Fun in cemeteries...

...didn't think that was possible, did ya?

Yes, I enjoy the actual visiting of cemeteries for family tree research purposes. I find the tranquility of cemeteries very calming and at certain cemeteries, like Greenfield in Uniondale, where most of the names on the headstones are the same names I've seen time and again while poring over Long Island census records, I actually feel quite at home, like I'm finally getting to meet some very old and dear friends.

Anyway, enough of my weirdness. I spent all day yesterday in cemeteries. It was a beautiful, gorgeous, sunny day, a real rarity during this month of non-stop rain, so I decided to drive out to Patchogue, about 40 minutes east of where I live. I had recently connected with a not too distant cousin on my Ricklefs branch in an attempt to track down any info on John Ricklefs and his wife, Meta Tiedemann, after the 1930 census, which had them living on a farm out in Patchogue. I am descended from their daughter, Meta, and this woman I found is descended from their daughter, Olga. Olga's son, this woman's father, and his wife had vague memories that John and Meta might be buried in one of the tiny cemeteries dotting Patchogue. I never made it past Lakeview - a somewhat old, somewhat small cemetery off of Waverly Avenue filled with many old Long Island names, many drowned sailors, and an apparently somewhat famous couple, Seba Smith and his activist-poetess wife, Elizabeth Oakes Smith. After spending more than an hour checking every headstone in the hot sun, I came up empty-handed, and didn't have the energy to check the other two cemeteries or visit the village clerk to ask about death certificates that may have been filed (which would have been problematic anyway, seeing as I don't have a year of death for either John or Meta and a 15-20 year window in which they might have died).

Lakeview was interesting however. The cemetery is rundown, and the land around it is being developed (as all open land must be - heavy on the sarcasm), but apparently the Patchogue Historical Society has a cemetery restoration project that they're trying to raise money for, and some newer headstones and grave markers and monuments make it look like they've had some success with this project. And these smaller, older cemeteries depend on projects like this one - these are important historical and genealogical resources and many headstones are worn flat, broken, or completely gone, and that important information and the people that info helps us remember, is being lost and forgotten.

But the day wasn't over yet! After driving home and taking a bathroom break, I headed over to Greenfield Cemetery, spur of the moment. I hadn't been there in a good 10-15 years, even though I have tons of family members, including my great-grandparents, who are buried there. What an amazing place. I got there an hour before the gates closed, but I could've spent all day there and will have to go back. I had copied from my grandmother's files the location of the Dauch and Berg plot, so I was able to visit that for the first time, and while I was there, saying hello to all my relatives, I remembered coming to the cemetery with my mother to visit her grandparents, Monroe Raynor and Amelia Berg Raynor. I had no idea where that plot was, but it suddenly came to me that whenever I came with her, we always looked for the group of pine trees, and that's where it would be. Well, there are huge sections of Greenfield that are treeless. But there are huge sections that are covered in trees, too. I had some time, so I drove along slowly, looking at all these names I know so well - Smith, Pearsall, Mott, Raynor - (many of these plots were transferred from other cemeteries, like the one in Freeport where the junior high was later built...), when I saw a group of pines. I got out and walked the section, but the Raynors weren't there. I was very disappointed. That would've been huge, if I could've found them based on a 15-year old memory of just "pine trees." I got back into my car and drove probably no more than 20 feet, across the road to the very beginning of the next section. And there, right next to that group of pines but just a little further than I had expected, was the Raynor plot - my great-grandparents, Monroe and Amelia; their daughter Dorothy Saas; Monroe's sister Lidie and brother William; their parents Joseph J. and Annie D. Raynor; and Joseph's parents Hiram Horatio and Ann Raynor. My great-grandmother Amelia was the only one I've ever met, but seeing all of those names, I felt very much at home (and on top of that, many of their headstones had dates I didn't have in my files!).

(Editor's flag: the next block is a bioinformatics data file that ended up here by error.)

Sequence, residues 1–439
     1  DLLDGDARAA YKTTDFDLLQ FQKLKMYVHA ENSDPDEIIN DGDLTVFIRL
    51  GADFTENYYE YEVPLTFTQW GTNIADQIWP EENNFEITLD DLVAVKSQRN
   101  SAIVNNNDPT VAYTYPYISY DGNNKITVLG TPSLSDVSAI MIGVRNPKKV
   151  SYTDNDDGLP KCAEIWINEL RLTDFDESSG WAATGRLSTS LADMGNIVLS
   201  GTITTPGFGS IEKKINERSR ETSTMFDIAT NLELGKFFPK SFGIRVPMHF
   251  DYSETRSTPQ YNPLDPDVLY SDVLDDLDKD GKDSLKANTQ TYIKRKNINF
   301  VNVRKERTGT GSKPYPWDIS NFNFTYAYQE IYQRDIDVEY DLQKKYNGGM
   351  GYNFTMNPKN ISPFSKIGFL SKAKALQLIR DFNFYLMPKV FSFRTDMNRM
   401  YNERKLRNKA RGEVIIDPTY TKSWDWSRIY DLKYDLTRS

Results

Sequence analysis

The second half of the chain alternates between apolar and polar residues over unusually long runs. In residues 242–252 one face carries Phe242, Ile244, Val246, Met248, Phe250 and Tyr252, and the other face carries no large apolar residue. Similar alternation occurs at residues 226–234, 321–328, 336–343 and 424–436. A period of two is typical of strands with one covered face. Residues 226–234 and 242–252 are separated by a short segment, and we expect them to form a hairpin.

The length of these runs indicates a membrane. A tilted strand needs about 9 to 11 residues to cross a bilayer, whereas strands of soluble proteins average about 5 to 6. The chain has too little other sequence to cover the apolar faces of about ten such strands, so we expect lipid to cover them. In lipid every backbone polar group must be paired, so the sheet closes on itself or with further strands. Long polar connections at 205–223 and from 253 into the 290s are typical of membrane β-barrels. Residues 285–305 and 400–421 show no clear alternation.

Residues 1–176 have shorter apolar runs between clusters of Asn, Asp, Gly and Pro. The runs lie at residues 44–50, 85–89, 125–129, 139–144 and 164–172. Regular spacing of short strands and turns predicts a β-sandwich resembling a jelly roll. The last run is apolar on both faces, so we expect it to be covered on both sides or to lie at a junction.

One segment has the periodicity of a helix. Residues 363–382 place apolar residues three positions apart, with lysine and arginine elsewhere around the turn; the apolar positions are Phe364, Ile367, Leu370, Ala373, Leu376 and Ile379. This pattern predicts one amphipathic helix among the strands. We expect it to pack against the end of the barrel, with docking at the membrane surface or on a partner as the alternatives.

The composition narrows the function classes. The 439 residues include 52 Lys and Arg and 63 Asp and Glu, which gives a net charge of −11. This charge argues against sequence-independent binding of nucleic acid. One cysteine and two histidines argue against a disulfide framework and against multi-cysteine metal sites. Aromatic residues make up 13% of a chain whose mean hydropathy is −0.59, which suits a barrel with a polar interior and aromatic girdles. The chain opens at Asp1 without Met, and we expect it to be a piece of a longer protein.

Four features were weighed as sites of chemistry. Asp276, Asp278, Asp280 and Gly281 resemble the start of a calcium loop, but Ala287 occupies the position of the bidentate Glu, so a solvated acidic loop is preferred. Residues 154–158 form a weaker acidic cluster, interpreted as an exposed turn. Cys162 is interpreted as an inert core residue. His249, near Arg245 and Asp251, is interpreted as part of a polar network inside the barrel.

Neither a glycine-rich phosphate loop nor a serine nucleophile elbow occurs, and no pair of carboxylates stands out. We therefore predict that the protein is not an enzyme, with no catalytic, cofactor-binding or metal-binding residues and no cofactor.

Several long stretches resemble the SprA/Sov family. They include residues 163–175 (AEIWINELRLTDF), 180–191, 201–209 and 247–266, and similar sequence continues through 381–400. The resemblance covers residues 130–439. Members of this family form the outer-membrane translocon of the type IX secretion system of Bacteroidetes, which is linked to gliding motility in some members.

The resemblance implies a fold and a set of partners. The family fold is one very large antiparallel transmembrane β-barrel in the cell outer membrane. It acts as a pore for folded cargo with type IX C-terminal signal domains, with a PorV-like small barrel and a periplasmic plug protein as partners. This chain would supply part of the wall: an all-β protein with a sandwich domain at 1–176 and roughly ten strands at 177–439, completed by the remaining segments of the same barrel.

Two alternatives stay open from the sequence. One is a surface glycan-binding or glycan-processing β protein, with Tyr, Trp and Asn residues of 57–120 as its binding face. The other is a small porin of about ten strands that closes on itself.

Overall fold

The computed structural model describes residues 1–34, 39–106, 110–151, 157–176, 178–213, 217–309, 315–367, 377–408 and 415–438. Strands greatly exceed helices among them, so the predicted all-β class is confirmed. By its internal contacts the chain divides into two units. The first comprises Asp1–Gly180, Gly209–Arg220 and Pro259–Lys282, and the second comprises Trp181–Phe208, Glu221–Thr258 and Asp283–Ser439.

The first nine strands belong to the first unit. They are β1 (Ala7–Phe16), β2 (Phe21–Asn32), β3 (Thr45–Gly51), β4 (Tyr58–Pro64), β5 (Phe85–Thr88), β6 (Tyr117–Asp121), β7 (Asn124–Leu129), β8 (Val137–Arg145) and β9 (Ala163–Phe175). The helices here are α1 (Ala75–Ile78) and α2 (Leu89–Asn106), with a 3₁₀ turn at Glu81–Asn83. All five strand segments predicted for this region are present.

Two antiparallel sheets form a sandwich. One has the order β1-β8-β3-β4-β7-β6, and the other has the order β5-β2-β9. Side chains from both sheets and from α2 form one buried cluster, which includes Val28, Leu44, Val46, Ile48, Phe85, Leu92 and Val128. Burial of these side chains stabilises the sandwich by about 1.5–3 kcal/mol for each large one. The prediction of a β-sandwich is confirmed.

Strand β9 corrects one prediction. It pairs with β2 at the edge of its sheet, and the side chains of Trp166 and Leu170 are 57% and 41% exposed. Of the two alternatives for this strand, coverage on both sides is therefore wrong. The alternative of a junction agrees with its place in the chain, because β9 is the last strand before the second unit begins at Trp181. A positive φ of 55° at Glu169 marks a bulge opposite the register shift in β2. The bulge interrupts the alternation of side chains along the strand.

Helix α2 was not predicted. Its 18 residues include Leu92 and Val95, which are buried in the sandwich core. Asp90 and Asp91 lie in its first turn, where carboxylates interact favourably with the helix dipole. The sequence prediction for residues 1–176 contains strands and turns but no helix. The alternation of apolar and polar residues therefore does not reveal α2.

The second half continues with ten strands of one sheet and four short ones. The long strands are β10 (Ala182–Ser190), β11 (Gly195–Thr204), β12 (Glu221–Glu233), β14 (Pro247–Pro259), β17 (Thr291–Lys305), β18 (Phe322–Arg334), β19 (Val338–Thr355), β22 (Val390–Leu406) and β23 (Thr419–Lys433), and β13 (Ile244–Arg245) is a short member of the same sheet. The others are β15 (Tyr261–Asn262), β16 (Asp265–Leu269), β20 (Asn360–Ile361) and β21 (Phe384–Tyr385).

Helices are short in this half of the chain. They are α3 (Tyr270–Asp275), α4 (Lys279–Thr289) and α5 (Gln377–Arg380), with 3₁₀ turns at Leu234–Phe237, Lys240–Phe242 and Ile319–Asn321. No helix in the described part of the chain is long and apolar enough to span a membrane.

I have many more relatives buried at Greenfield, so I'm going to try to go back again soon to see what else I can find.

For any one reading this who might be looking for this particular Raynor plot, it's in section 6, opposite the section with the group of pines. The Dauch-Berg plot (Thomas Dauch, Barbara Dauch, Theodore Berg, Delia Dauch Berg, Eva Dauch, amongst others) is in section 3, plots 160-161.